01/08/2019 by Carney Sandoe Staff |

More New Year’s Resolutions for Job Seekers

note with “new years resolution” text, Office desk with electronic devices, computer and paper Stay connected with CS&A
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It's New Year's resolution time again, and whatever your opinion is of this annual tradition (“They're silly and I never stick to them,” or “I love making them and setting my sights on improving or changing things.”), we think there's no better time to reflect on your upcoming job search.

We shared seven resolutions back in 2017. As we start the first full week of the new year, here are six more to keep you motivated and inspired as a job seeker.

1. I will stay positive.

A job search can be tough. Yes, it’s hard not to become jaded or discouraged the longer it takes to find a job. Being positive, smart, articulate, energetic, thoughtful, flexible, and passionate are crucial characteristics in most school environments, so maintain your confidence and positive attitude. Job searching is difficult but no one wants to hire someone who seems unenthusiastic, demoralized, or defeated. Succumbing to negativity only makes things worse. To help you stay positive, take a daily inventory of the people and things in your life that you’re most thankful for. Starting from a place of gratitude rather than resentment always leads to better things.

2. I will log into CandidateConnect more frequently.

CandidateConnect is command central for your job search, and you should be logging in regularly. It's here you'll find instructions to follow up with schools to where your candidate portfolio has been referred, messages from schools that might have invited you to attend a Hiring Conference, important announcements from CS&A and your Placement Team, and resources on writing personal statements or asking for letters of recommendation. By logging in often to check messages, referrals, and to keep your search preferences updated, you have the best chance of a successful job search.

This one is clearly relevant to CS&A candidates, but its message applies to all job seekers: stay on top of your search. Check emails, listen to voicemails, respond in a timely fashion, and keep your job search materials up-to-date.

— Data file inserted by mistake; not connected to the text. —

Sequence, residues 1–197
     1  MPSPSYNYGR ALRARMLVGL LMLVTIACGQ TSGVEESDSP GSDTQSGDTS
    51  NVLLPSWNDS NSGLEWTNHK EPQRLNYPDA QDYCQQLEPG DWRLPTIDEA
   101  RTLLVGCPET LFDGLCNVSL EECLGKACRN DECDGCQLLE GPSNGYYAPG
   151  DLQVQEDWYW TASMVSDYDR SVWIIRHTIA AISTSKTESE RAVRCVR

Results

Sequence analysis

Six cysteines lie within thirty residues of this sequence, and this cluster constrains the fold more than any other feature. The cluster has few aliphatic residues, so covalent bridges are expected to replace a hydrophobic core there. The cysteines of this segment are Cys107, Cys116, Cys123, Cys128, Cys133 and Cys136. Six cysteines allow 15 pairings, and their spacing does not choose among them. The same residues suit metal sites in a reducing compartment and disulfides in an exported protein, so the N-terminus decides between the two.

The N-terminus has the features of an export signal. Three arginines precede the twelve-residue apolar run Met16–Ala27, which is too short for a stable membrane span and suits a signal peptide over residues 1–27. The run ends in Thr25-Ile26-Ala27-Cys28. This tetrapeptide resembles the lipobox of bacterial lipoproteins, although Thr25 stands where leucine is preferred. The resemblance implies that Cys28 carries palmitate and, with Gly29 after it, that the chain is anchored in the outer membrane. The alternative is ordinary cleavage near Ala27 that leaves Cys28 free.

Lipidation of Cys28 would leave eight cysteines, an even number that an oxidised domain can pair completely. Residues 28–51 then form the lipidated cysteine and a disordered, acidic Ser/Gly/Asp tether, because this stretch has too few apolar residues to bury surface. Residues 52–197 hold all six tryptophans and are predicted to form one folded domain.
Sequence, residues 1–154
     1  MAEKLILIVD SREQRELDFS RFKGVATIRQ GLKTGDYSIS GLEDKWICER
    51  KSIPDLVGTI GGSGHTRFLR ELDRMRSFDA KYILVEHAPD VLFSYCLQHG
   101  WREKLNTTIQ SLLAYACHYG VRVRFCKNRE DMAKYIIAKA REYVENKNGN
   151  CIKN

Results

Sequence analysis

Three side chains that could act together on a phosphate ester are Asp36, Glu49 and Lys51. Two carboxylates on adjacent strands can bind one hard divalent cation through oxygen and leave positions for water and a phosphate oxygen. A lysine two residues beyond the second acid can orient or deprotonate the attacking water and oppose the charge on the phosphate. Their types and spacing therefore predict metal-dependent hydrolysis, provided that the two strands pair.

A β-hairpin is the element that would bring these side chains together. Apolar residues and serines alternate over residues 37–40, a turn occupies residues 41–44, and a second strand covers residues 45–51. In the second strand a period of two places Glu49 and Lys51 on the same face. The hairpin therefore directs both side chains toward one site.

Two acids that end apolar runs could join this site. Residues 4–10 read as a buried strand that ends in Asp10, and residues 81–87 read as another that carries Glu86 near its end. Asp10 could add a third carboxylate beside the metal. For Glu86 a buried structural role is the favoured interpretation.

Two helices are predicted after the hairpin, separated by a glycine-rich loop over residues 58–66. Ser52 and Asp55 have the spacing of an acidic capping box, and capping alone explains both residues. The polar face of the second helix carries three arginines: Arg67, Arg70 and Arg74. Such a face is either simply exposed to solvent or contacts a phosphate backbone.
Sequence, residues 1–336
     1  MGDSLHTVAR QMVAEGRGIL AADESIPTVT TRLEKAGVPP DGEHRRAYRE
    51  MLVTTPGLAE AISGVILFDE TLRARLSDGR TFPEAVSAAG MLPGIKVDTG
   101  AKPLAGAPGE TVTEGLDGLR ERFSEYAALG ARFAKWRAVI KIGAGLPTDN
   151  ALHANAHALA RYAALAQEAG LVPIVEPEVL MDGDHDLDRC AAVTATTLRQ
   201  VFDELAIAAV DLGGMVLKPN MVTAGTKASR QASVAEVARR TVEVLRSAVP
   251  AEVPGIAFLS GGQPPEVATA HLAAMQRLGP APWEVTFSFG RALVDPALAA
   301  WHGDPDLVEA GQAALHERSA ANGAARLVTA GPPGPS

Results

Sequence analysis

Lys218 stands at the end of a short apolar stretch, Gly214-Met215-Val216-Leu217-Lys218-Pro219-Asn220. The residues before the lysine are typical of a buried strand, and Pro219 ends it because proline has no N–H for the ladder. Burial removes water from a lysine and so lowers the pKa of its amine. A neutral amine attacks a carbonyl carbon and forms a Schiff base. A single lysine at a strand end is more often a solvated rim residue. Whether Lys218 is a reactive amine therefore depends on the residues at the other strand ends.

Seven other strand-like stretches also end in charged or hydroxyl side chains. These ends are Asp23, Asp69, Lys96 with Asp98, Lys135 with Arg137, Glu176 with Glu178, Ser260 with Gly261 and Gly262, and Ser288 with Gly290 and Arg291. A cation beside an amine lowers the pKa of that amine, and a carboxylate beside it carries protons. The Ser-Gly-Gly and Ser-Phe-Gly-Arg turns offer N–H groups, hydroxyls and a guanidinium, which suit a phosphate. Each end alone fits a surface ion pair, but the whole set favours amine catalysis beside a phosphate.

3. I will make decisions on referrals I receive from CS&A.

Related to #2, this resolution (also specific to CS&A candidates) is important for a couple of reasons. First, ignoring referrals and not taking the appropriate action to indicate your interest in the position will greatly hinder your exposure to hiring schools. Many schools have specific follow-up processes for candidates who are interested in an open position; you can't just sit back and wait for the school to reach out to you directly. If you fail to follow their instructions right off the bat, that doesn't start you off on a good foot with a school.

Second, your actions on your referrals provide a lot of helpful information to your Placement Associate regarding your search. One of the most important and useful things you can do is provide context when you decline a referral. Was the location not ideal? Did the position require you to teach a class that you're not comfortable with? Your feedback is used by your Placement Associate to better focus and curate your referrals.

Read up on the different types of referrals and what's expected of you for each one.

4. I will read more.

Reading does wonders for your mind. No matter your job, there is a book out there that can improve your performance, your outlook, or your personal habits. Even if you think you already know what you need to know, reading a great book on professional development can give you a new perspective.